Menendez Has Helped Donors Other than Melgen

Photograph by Brendan Smialowski/AFP via Getty Images

Senator Robert Menendez at the American Israel Public Affairs Committee’s (AIPAC) annual meeting at the Washington Convention Center on March 5, 2013 in Washington.

Dr. Salomon Melgren, the West Palm Beach ophthamologist at the center of an investigation involving Sen. Robert Menendez, is not the only campaign contributor who has been helped by the New Jersey Democrat.

Menendez backed Spanish Broadcasting System Inc.’s unsuccessful effort to block the 2003 merger of rivals Univision Communications Inc. and Hispanic Broadcasting Corp. The combination was approved by the Federal Communications Commission on a 3-2 party-line vote.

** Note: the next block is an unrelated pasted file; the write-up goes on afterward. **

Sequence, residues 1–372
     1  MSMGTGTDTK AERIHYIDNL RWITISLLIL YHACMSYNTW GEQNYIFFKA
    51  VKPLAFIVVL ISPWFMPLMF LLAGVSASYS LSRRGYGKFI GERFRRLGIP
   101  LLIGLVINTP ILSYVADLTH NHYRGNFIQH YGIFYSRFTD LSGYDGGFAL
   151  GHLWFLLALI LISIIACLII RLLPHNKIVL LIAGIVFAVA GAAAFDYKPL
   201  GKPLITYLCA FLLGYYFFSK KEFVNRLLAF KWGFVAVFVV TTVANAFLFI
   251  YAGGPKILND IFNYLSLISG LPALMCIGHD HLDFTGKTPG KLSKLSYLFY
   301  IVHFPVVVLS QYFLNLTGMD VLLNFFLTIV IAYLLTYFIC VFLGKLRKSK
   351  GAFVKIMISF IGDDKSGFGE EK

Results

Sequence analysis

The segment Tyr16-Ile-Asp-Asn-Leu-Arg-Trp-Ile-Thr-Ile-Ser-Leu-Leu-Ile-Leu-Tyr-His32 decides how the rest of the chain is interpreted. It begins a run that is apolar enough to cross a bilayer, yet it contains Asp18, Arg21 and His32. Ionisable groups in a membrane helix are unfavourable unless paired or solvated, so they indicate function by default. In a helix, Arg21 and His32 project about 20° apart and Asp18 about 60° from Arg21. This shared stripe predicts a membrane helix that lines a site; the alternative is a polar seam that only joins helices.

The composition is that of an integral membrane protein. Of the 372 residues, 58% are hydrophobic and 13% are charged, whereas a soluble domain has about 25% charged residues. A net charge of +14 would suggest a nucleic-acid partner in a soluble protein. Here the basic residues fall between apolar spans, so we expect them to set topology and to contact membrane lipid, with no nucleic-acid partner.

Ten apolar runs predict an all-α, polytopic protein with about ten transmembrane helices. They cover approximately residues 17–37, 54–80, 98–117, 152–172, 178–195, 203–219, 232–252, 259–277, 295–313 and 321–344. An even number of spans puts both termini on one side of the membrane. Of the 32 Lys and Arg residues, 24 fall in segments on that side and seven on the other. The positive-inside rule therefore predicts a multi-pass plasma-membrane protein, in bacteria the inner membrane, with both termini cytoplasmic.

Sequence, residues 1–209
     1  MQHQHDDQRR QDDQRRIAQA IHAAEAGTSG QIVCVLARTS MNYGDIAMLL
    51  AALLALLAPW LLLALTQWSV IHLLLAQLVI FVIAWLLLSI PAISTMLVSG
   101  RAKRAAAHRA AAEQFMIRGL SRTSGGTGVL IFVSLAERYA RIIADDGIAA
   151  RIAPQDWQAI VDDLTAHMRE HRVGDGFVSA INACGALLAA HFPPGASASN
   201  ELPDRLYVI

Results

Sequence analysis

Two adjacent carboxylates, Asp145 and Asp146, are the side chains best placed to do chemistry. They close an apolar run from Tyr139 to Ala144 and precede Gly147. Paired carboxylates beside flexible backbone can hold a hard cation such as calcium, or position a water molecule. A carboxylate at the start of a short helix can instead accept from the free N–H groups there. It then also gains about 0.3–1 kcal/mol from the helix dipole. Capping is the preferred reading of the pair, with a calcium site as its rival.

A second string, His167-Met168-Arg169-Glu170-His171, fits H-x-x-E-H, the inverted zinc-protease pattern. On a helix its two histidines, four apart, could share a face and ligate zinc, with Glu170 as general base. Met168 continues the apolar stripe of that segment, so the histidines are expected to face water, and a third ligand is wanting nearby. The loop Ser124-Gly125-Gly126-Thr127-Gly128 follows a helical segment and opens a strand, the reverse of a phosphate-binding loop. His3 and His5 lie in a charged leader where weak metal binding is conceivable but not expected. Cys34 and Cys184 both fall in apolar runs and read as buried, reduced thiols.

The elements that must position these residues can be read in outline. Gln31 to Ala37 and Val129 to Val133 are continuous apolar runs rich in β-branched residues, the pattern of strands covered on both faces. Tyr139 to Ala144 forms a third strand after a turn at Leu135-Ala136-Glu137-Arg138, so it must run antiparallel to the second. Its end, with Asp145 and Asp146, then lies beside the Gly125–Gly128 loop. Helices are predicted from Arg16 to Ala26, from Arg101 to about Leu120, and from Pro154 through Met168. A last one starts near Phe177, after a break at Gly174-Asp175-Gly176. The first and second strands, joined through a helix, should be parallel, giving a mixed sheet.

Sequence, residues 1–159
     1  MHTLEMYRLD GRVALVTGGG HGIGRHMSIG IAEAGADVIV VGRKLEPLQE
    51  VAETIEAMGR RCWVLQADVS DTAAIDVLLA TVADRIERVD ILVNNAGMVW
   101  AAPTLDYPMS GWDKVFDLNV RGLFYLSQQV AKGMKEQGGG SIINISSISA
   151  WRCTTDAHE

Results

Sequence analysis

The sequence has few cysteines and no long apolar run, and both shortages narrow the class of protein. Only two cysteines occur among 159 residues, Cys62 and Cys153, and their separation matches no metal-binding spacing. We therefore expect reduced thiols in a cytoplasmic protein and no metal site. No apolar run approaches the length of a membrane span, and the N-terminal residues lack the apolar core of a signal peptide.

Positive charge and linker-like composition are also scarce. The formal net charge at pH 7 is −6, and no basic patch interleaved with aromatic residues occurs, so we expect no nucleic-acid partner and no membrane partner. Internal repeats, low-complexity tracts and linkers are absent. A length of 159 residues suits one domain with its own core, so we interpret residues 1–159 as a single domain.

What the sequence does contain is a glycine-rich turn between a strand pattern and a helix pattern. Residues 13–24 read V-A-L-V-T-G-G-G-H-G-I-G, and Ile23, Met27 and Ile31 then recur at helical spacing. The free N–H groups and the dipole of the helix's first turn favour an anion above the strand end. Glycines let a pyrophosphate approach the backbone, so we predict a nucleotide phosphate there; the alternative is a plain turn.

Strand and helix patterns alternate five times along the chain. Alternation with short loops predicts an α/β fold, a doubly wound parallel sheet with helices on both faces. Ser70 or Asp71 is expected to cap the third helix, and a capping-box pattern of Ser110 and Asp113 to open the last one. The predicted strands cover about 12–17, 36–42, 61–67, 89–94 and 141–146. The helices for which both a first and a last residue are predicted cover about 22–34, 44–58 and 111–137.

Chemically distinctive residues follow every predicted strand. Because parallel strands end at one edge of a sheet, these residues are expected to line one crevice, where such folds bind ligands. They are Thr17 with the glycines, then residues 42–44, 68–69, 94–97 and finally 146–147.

Menendez, then a U.S. House member, introduced a bill to delay the merger in 2003 and testified at a Senate hearing, becoming the most outspoken lawmaker against the deal, according to one person involved. He also owned stock in Spanish Broadcasting.

SBS employees have given $113,700 to Menendez throughout his congressional career, his 10th-largest source of cash, according to the Center for Responsive Politics, a Washington research group that tracks donations.

They donated $38,000 to Menendez’s leadership PAC — a fund that pays travel costs and makes donations to other candidates’ campaigns — from 1999 to 2012, according to a computer-assisted analysis of Federal Election Commission data.

SBS President Raul Alarcon Jr. donated $10,000 to a legal defense fund set up to help Menendez fight a recall effort in New Jersey; $30,400 to the Democratic Senatorial Campaign Committee in 2009, when Menendez, 59, was chairman of the Senate Democrats’ fundraising arm; as well as the $100,000 last year to a super-PAC that spent $582,500 for his re-election effort.

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